Winter storm latest: Thousands evacuated without electricity

After hitting parts of the south over the weekend, a strong winter storm moved north on Monday, creating heavy snowfall in the Lower Great Lakes, the Central Appalachians and the Northeast. Rain is forecast for the coast of New England.

Early Monday, a winter storm warning was extended from West North Carolina to Maine. According to the National Weather Service.

Areas across Ohio were expected to receive extra inches of snow in the morning. In West Pennsylvania, freezing rain and sleet are expected throughout the night. In the north, in the buffalo region, snow is expected to reach a total of 18 inches, with strong winds of up to 40 miles per hour throughout the day. The Albany region is forecast to experience snow, ice, frost and rain and thunderstorms. Similar humidity conditions are forecast for parts of Connecticut and parts of eastern Massachusetts. Early morning travel was expected to be difficult and impossible in some areas, especially in areas where high winds were forecast to knock down tree branches.

The Meteorological Agency said most parts of New York City, including parts of New Jersey, were under coastal flood warning or warning. Up to four inches of snow and sleet is expected in the interior of New Jersey and Hudson Valley. New York City was forecast to see a light coating of snow and sleet before it turned into a blank slate.

“If you leave early this morning go slowly” The weather service in New York reported. “When the rain subsides, the wind will be faint as our storm system moves north.”

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David Stark, a meteorologist with the National Weather Service, said the city often sees rain, but winds of up to 50 miles per hour are more worrying than snow or rain.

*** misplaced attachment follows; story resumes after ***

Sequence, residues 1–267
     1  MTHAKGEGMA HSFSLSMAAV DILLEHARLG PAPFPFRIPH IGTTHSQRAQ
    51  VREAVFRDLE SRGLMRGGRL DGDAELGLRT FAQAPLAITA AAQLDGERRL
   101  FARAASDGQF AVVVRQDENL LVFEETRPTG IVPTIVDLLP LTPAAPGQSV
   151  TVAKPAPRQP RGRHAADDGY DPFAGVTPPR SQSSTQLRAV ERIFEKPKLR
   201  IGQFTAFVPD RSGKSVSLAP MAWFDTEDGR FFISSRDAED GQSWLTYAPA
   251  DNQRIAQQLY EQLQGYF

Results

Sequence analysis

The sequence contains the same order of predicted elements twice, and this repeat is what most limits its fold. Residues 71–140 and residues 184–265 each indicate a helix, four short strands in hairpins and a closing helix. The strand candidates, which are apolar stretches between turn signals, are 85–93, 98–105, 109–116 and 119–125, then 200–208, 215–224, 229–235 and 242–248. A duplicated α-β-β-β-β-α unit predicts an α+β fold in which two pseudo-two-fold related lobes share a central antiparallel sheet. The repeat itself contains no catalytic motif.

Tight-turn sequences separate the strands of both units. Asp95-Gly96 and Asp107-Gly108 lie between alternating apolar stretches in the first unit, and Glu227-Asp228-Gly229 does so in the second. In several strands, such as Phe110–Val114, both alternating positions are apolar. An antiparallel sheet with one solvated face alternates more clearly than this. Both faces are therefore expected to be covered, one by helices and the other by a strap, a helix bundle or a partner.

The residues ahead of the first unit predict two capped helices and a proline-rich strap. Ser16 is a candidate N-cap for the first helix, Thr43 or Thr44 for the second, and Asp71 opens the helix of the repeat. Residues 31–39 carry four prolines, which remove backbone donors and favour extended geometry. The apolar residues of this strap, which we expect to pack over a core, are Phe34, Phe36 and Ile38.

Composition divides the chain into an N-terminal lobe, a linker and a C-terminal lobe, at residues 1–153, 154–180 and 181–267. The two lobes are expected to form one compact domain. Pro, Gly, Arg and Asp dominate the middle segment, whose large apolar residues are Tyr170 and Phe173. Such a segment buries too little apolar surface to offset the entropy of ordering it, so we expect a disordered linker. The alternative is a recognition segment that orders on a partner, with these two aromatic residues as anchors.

Air traffic was also affected by the storm. At 6 a.m., more than 200 flights were canceled from Charlotte Douglas International Airport. According to FlightAware. Dozens of flights departing from Ronald Reagan National Airport were also canceled. With great caution, Amtrak canceled more than a dozen trains Monday, including service between Washington and Chicago and service between Harrisburg, Pa., And New York.

Thousands of people in 11 states have been cut off from electricity due to the storm. As of Monday morning, more than 200,000 customers from Georgia to Massachusetts were without electricity. According to PowerOutage.us, Which integrates data from applications across the United States.

In the south, some governors declared a state of emergency, with areas such as central Mississippi and central North Carolina receiving more than nine inches of snow, while parts of central South Carolina received half an inch of snow, the National Weather Service said.

“This storm will be very significant in terms of travel vulnerabilities, crashes and natural disasters,” said Rich Otto, a meteorologist with the Meteorological Service.

The National Weather Service’s meteorologist Frank Pereira said more than a quarter of an inch of snow had accumulated Sunday in the Piedmont region of North and South Carolina.

At a news conference Sunday, North Carolina Governor Roy Cooper warned people to stay off the roads because of snowfall of up to a foot in some parts of the state.

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“Today, the best way to avoid a car accident or accident is to stay that way,” he said.

The meteorological service said the storm system created two hurricanes Sunday morning in southwest Florida. Local officials said there were no reports of casualties.

Three people were treated for minor injuries and extensive damage, including 108 mobile homes, occurred at three parks in the Iona McGregor section of Fort Myers, Fla., Said Richard Root, a meteorologist with the National Weather Service in Tampa. Local officials said about 200 people had been displaced.

Grace Ashford, Jesus Jimenez, Edward Medina And Christine Chung Contributed report.

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